On the campaign trail at a depot in Stoke-on-Trent, the Prime Minister was confronted by employee Zia Karim, a father of five who takes home £300 a week, Sky News reported.
He said that a 2.7 per cent rise in inflation in the three months to March had left him struggling to provide for his family. Wages over that period only rose 1.9 per cent.
A journalist later put it to her that she had confessed the vote to leave the EU was making lives harder for low-earners, at which point she made the facial expression.
"You admitted to [Mr Karim] that Brexit was partly to blame for his family’s struggles and you also said there would be a couple of years of uncertainty," Beth Rigby said.
"Do you now say there will be a squeeze on the cost of living for workers until Brexit is complete?"
Ms May denied saying Brexit was responsible for Mr Karim's financial struggles, although she did not say whether she agreed there would be increased strain on the finances of workers until the Brexit process was finished.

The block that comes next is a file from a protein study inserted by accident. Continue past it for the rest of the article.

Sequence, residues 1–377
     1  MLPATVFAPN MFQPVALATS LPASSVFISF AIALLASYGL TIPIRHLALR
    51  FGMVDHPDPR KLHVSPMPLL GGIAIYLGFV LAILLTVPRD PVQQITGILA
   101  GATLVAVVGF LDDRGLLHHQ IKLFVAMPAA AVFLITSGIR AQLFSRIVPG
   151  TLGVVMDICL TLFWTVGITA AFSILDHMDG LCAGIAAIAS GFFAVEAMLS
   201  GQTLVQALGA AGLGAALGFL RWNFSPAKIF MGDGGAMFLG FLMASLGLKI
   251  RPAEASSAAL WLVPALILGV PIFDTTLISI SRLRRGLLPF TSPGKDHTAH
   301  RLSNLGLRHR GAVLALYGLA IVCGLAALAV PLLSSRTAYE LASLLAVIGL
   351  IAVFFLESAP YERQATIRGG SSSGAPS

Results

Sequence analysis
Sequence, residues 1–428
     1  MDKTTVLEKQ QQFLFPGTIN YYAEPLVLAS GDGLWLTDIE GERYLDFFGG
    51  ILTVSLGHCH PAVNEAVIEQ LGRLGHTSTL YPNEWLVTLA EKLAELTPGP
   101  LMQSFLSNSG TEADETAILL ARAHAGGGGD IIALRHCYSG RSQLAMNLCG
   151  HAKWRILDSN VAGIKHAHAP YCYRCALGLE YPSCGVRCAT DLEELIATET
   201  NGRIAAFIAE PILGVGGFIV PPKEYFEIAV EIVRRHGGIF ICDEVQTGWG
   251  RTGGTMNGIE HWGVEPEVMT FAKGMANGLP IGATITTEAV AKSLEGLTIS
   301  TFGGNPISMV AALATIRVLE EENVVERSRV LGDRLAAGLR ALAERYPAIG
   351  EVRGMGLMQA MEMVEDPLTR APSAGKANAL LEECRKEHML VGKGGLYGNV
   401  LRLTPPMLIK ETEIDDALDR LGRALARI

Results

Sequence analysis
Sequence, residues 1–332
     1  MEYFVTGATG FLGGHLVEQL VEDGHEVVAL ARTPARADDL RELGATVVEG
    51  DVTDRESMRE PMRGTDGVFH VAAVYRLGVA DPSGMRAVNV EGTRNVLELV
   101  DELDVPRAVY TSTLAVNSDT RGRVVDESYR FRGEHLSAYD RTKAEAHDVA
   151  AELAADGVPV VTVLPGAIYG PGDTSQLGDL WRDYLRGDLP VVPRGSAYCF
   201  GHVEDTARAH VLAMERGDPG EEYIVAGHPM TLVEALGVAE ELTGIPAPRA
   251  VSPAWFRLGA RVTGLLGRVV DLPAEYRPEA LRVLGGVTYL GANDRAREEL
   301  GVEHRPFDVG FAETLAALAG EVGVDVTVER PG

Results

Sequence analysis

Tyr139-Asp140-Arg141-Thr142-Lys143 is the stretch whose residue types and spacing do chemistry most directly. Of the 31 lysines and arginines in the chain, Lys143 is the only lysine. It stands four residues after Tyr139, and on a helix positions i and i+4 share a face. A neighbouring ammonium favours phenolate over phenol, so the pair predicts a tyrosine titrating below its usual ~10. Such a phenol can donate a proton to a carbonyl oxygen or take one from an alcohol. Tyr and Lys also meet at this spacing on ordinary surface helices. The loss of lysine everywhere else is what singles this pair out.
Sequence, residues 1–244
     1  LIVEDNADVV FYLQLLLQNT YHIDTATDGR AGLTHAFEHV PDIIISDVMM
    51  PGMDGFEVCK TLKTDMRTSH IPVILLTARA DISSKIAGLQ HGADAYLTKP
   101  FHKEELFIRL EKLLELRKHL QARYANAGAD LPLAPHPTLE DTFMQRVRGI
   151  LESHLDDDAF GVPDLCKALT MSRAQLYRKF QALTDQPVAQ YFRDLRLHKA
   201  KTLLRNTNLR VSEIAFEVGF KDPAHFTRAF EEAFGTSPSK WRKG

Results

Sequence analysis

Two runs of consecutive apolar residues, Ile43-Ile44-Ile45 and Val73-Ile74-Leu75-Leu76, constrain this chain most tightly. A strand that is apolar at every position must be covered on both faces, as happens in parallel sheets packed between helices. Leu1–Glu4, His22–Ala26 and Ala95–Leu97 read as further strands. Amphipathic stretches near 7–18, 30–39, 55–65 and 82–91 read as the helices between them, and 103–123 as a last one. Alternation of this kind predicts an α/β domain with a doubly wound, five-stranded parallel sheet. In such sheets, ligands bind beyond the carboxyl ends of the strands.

"I did say that we had of course seen an impact on inflation from changed to the currency over the last gew month," Ms May said.
"And that, as everybody knows, we’re going to a negotiation on Brexit over the next two years and the final deal, that special relationship, special partnership that we want to build with Europe will be for those negotiations."
Ms May pointed to the Conservative manifesto promise to cap energy bills as one way her party was protecting low-earners.
Mr Hammond insisted the increased interest rate would pass. “Yes of course we have some inflation passing through the economy," he said. "But this will be transient, it’s a result of currency movements last year.”
During the conference, Ms May twice failed to confirm that Mr Hammond would stay as Chancellor if the Conservatives returned to government after 8 June.
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